Björk announces new dates for Orkestral livestreamed shows

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Many of her long-delayed gigs would include the orchestra’s collaborators.

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After several delays due to the coronavirus pandemic, Björk has announced new dates for his livestream orchestral show.

  • READ MORE: Björk’s ‘cornucopia’ lives on in London: an audacious, expectation-disrupting spectacle from a people-pleasing artist
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The orchestral series will see the composer performing with different collaborators on each of the four dates, including members of the Icelandic Symphony Orchestra, the flute septet vibra and the Hamrahli Choir.

The gigs, which were previously scheduled to take place in August 2020, to a live audience at Reykjavik’s Harpa Hall and to fans around the world, have been delayed several times.


Now, as Iceland begins to fully reopen for live shows following the coronavirus pandemic, new dates have been announced for all shows. Here are the new dates and lineup for each gig

11 October
Icelandic Symphony Orchestra, with strings by conductor Viktor Orri Arnason and harp player Katie Buckley (formerly 29 August)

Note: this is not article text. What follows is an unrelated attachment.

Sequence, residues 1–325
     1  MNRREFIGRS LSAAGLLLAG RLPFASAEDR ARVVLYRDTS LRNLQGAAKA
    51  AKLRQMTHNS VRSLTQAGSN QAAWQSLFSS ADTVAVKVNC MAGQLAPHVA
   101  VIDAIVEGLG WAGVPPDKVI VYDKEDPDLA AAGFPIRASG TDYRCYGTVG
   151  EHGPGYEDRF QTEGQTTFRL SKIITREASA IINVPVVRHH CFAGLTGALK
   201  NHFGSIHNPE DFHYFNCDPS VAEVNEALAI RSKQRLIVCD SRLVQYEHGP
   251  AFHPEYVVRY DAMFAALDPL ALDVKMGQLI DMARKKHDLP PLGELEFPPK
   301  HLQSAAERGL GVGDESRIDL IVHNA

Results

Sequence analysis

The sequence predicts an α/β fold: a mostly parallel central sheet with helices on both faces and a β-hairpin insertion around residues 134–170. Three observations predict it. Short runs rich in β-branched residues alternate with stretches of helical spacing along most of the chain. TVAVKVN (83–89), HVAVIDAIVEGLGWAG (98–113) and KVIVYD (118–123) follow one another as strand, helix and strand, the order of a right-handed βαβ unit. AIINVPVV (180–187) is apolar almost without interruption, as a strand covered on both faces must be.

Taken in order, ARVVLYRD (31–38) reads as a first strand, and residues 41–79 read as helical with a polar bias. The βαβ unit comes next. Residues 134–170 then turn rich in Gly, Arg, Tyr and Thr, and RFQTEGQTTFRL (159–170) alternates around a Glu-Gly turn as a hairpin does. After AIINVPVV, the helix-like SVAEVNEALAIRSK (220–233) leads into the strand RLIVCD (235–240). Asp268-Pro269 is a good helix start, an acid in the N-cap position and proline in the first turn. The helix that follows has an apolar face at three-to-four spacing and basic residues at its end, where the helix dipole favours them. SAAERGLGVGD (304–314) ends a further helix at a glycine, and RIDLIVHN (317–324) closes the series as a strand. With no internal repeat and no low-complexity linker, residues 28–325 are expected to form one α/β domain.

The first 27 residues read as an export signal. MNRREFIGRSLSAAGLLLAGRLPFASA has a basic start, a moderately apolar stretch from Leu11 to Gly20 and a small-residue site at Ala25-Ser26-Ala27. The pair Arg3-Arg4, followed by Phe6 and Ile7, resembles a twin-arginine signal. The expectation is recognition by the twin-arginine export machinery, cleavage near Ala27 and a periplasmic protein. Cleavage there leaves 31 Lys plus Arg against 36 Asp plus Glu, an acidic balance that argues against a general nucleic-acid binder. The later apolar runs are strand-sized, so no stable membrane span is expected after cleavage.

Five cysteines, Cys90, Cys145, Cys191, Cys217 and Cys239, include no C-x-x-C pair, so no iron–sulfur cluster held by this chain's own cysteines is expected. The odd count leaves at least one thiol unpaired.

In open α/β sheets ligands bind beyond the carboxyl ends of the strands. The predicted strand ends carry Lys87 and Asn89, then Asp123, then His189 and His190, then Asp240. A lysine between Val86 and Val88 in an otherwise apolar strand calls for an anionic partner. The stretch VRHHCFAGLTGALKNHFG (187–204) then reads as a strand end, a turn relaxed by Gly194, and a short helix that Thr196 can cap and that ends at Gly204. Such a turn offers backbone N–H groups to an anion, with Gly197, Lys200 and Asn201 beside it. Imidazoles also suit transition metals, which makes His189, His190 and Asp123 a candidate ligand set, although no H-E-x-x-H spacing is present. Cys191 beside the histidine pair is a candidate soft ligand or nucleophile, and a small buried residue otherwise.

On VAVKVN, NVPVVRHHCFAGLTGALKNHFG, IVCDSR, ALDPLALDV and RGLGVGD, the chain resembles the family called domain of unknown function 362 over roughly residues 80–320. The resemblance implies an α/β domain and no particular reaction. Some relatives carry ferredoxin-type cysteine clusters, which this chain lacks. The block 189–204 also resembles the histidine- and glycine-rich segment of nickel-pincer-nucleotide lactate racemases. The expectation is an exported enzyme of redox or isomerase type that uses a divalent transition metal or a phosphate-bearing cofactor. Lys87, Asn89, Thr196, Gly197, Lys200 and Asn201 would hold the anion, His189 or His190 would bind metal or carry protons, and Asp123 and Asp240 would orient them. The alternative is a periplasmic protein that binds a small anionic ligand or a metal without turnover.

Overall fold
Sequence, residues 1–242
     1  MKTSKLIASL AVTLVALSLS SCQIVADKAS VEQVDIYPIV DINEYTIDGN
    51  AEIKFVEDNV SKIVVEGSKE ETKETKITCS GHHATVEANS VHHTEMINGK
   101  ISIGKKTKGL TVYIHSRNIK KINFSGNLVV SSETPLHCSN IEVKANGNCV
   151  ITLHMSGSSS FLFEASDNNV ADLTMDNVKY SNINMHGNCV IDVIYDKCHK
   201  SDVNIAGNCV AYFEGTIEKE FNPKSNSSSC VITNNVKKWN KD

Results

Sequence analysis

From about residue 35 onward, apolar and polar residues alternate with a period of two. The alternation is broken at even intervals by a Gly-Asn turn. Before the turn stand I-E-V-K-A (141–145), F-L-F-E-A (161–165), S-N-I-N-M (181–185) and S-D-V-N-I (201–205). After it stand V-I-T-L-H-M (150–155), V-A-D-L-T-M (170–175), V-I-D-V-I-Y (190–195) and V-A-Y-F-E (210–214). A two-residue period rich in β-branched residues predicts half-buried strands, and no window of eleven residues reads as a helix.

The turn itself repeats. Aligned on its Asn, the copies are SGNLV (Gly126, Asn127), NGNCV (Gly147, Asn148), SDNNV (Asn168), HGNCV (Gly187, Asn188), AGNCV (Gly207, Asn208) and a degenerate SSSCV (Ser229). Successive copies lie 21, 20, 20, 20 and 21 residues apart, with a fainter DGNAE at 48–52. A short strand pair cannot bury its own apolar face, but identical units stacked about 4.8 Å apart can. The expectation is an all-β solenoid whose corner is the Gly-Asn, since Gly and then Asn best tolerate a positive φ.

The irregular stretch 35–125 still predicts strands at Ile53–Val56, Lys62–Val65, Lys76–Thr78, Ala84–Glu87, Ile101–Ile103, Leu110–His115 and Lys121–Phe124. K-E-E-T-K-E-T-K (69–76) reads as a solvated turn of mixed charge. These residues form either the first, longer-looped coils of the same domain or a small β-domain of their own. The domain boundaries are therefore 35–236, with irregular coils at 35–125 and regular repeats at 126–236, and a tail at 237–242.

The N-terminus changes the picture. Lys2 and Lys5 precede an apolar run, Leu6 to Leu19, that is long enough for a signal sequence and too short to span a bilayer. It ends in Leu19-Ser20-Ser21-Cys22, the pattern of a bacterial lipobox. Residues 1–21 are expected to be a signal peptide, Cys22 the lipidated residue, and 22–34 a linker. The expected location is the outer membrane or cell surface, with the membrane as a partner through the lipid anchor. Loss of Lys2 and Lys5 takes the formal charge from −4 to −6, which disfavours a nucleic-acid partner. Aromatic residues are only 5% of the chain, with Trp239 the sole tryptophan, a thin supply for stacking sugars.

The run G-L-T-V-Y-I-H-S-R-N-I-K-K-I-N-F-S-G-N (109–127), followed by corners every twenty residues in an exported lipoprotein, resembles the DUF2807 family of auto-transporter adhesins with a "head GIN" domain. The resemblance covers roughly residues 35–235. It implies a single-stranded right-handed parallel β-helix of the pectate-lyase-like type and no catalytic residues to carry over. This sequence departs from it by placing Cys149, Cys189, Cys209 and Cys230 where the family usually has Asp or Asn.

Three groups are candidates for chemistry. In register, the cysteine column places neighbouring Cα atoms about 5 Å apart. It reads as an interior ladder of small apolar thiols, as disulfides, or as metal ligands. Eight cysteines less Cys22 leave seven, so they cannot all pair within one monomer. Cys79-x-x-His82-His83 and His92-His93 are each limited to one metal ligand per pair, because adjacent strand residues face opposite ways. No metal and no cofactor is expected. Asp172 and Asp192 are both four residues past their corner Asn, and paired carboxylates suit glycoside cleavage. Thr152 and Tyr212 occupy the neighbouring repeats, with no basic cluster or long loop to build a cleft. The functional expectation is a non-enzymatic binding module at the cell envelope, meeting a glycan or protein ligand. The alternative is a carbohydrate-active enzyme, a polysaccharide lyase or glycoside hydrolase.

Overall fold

24 October
Hamrahlið Choir, with conductor orgerður Ingólfsdóttir, and organist Bergur órisson (formerly 5 September)

31 October
With brass from the Icelandic Symphony Orchestra, flute septet vibra, harpist Katie Buckley and pianist Jonas Sen (formerly 12 September)

Nov 15
The strings are accompanied by a 15 piece chamber from the Iceland Symphony Orchestra and conductor Viktor Orri Arnason (formerly 19 September).

The show is being performed in collaboration with Kvennaathvarfid, a charity that supports women and immigrants of various origins within Iceland. Livestream tickets can be found Here.


Earlier this month, meanwhile, Björk was confirmed as the first name for Bluedot Festival 2022. She was due to play the 2020 edition before its coronavirus-enforced cancellation.

She will join The Halle Orchestra for her performance at the UNESCO World Heritage Site of the Jodrell Banks Observatory. The show will also feature a unique visual display as video and animation are projected on the iconic, 76-meter-wide Lowell Telescope.

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